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I am writing a scientific paper. In this context, it is usual to cite other works with the last name of the first author followed by "et al." when there are many. If I want to use a possessive form, how should I use the Saxon genitive?

For example, is "Smith's et al." correct?

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First of all, et al. should be in italics. That said, the common way to refer to a publication like that would be:

Smith and coworkers'...

or

Smith and colleagues'

Et al. means and others, it is an abbreviation of the latin et alii. If you really really wanted to use it in the possessive, you would write

Smith et al's

but don't do that, it is ugly and unclear. Paraphrase, use and coworkers or similar constructs.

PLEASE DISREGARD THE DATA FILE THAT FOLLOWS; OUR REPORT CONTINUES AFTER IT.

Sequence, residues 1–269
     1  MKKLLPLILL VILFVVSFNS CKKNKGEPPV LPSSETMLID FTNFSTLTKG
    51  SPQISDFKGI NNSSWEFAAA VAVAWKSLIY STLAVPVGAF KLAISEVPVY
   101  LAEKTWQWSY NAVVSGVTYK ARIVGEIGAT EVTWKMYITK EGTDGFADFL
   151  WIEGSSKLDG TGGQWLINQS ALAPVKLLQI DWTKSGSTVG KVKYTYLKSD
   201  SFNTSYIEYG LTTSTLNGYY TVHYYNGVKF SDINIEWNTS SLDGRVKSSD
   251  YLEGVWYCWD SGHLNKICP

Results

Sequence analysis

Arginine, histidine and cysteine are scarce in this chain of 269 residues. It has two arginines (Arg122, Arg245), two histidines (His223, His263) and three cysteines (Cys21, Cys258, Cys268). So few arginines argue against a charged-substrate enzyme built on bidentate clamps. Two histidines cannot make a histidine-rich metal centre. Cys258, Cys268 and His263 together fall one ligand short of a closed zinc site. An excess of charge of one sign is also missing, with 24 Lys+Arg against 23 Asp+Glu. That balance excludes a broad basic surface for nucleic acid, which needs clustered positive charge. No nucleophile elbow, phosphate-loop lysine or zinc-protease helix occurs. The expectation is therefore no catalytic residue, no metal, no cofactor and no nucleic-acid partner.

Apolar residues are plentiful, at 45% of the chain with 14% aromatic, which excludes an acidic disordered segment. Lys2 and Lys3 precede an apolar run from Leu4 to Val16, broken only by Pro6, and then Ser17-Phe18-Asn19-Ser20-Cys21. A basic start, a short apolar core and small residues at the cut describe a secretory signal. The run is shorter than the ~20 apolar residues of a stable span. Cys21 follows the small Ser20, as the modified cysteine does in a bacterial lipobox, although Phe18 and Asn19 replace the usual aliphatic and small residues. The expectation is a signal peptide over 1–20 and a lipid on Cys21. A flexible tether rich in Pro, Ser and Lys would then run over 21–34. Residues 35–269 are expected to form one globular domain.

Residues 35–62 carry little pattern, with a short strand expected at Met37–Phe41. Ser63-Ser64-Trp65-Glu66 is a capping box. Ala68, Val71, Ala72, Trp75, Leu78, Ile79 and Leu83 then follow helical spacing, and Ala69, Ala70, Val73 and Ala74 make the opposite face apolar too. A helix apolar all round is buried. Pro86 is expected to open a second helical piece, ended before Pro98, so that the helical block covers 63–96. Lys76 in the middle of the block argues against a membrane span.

• Shouldn't it be Smith and coworkers'? – Armen Ծիրունյան Oct 21 '13 at 17:36
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    What about the dot? Smith et al.'s ? – user54604 Oct 21 '13 at 17:38
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    'Coworkers' strikes me as rather dumbed-down English to use in such circumstances, especially with a Latin phrase. (How much milk might they have produced?) It is not much used at all in Britain. What is wrong with 'colleagues'? – WS2 Oct 21 '13 at 20:20
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    @TaliaFord: You seem to be saying that unidentified authors are neuter rather than masculine. If so, I don't think you're right either in Latin or English. – Tim Lymington supports Monica Oct 21 '13 at 22:06
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    @TaliaFord so you're saying that I should change what abbreviations stand for to better fit the times? Perhaps but I find that strange, an abbreviation has a specific meaning, I would not consider it correct to adapt that. Would you also correct hoi polloi to ta polla to make it neuter? Greek of course uses the male and not the neuter when the sex in unknown so this might not be the best example, did Latin really use the neuter? – terdon Oct 21 '13 at 22:45

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